Top Maryland Democrats agreed yesterday to back former congressional candidate Terry Lierman as the next state party chairman, according to several sources familiar with the decision.
The agreement came at a breakfast meeting in Columbia attended by Democratic members of the state's congressional delegation, Baltimore Mayor Martin O'Malley and others.
Lierman, 56, of Bethesda ran unsuccessfully against then-U.S. Rep. Constance A. Morella in 2000 and directed former Vermont Gov. Howard Dean's presidential campaign in Maryland this year.
He and Gary Gensler, a former Treasury Department official and investment banker, have been seeking the party chairmanship, which is being vacated by former Montgomery County Councilman Isiah Leggett. The support of many top elected officials makes it likely that Lierman will be formally named to the post when the state party meets Dec. 13.
Lierman said yesterday that he knew about the meeting but was out of town all day and didn't know what happened.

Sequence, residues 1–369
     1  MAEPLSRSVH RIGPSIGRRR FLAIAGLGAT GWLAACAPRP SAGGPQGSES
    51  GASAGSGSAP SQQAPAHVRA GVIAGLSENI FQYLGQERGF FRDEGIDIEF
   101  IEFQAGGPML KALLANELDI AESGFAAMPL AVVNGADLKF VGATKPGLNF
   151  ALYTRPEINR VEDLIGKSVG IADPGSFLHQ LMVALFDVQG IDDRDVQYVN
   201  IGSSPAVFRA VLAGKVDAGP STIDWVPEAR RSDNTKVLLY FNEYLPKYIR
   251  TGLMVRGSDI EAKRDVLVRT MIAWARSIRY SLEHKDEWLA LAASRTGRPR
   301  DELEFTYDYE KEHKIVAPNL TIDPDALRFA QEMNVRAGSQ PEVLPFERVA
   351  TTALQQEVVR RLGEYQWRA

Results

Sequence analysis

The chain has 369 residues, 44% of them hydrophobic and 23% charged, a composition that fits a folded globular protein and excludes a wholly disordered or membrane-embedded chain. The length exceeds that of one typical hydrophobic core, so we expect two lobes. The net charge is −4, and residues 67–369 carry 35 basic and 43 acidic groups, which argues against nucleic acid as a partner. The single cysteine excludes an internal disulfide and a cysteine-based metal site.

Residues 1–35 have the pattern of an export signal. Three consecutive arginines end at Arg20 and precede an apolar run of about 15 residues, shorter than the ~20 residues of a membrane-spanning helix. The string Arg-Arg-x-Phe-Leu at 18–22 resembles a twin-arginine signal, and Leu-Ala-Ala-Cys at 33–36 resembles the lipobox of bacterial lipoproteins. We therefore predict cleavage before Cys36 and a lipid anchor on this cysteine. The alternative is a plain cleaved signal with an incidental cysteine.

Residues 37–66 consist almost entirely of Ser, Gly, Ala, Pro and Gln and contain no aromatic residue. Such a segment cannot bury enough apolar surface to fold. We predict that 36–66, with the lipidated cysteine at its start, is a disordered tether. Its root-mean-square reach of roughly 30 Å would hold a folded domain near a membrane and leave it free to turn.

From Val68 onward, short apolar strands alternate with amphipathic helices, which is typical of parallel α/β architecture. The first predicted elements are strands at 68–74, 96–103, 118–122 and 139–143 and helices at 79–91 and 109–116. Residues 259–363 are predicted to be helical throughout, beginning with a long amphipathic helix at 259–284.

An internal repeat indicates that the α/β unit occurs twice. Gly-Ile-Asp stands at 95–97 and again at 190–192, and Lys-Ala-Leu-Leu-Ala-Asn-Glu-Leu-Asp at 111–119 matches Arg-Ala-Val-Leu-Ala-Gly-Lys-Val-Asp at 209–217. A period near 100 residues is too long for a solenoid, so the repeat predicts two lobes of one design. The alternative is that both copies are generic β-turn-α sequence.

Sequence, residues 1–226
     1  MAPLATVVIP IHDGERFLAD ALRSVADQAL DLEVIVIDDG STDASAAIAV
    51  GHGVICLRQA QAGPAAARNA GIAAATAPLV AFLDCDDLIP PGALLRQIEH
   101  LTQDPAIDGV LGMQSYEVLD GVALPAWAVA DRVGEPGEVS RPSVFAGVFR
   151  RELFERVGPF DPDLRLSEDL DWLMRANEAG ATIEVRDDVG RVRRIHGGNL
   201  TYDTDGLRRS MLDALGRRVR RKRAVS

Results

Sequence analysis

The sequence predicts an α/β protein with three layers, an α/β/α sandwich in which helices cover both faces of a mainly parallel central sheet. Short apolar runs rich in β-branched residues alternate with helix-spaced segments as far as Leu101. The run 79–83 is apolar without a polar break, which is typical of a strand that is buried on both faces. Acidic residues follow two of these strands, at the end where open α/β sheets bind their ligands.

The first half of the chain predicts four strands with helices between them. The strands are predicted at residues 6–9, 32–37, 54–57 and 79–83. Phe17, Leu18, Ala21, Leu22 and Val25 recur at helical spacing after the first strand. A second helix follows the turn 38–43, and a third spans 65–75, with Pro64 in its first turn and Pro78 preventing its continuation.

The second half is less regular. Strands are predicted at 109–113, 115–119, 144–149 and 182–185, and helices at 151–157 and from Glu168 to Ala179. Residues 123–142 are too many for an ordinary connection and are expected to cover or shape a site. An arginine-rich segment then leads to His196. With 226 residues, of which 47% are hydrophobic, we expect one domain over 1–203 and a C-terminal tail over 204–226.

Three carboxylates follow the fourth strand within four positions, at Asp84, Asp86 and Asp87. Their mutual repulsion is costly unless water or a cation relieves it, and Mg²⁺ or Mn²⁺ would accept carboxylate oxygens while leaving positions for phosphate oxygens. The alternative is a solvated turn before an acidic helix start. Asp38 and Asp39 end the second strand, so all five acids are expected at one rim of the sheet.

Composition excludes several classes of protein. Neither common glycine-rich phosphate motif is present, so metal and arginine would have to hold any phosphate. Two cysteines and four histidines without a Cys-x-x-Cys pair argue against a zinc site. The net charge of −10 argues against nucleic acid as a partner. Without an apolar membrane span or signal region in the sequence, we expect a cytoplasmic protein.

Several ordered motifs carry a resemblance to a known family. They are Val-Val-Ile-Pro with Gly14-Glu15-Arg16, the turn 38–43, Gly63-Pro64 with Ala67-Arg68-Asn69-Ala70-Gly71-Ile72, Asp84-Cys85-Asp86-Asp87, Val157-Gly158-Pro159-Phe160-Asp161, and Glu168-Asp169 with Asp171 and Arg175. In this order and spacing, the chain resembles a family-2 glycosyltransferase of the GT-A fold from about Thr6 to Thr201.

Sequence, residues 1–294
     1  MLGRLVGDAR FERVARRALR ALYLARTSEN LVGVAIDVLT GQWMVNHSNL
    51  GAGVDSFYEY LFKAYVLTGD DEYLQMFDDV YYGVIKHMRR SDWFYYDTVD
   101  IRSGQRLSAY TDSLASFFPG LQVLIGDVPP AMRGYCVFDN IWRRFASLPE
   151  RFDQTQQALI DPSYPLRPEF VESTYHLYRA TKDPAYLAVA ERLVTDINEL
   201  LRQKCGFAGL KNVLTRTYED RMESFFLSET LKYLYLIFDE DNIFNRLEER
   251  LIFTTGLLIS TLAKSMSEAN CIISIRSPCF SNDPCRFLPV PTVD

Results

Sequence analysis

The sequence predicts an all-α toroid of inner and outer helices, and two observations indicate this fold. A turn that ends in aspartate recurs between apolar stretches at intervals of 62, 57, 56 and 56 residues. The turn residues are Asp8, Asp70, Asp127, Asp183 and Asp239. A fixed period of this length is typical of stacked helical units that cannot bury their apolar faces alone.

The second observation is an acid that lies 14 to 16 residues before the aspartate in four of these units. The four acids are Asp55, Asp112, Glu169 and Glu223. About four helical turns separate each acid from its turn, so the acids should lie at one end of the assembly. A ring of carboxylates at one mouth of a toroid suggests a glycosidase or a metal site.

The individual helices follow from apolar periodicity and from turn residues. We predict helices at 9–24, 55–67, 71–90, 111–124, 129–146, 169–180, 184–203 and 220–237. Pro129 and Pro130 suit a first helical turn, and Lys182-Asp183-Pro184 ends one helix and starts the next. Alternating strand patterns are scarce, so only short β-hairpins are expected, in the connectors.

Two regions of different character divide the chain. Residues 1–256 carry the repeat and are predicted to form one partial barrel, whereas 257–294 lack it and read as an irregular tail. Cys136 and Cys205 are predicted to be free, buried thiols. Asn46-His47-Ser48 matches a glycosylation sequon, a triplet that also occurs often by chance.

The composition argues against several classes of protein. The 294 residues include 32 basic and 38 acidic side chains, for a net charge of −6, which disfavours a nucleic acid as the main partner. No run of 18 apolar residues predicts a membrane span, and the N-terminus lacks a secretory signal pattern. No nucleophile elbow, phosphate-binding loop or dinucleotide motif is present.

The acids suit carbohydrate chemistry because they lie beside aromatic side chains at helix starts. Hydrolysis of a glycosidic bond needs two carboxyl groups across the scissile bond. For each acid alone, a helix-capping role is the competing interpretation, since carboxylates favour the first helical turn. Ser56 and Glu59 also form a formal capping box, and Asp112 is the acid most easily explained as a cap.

Sources said those at the meeting agreed not to speak publicly about it out of respect for Gensler, a top fund-raiser whom they see as an important player in the party in the future.
With Leggett stepping down, Democratic leaders said they were looking for a chairman to further energize the party and prepare for a 2006 challenge to GOP Gov. Robert L. Ehrlich Jr.
Lierman is aligned with the liberal wing of the party and helped organize a summit of Democratic leaders designed to make the party coalesce around a progressive agenda. More than 600 Democrats attended, and both O'Malley and Montgomery County Executive Douglas M. Duncan spoke.
A multimillionaire businessman and lobbyist, Lierman largely funded his own campaign against Morella. He outspent her 2-to-1 but still lost by nearly 20,000 votes.
He became the object of some dispute during that race amid reports that in 1999 he gave a $25,000 unsecured loan to Virginia Rep. James P. Moran Jr. At the time, Lierman worked as a lobbyist for Schering-Plough Corp., a pharmaceutical company that was trying to extend its patent for the allergy drug Claritin. Moran, a Democrat, co-sponsored a bill that helped the company.
Lierman said at the time that he made the loan to help Moran, his friend of more than two decades, not to influence legislation.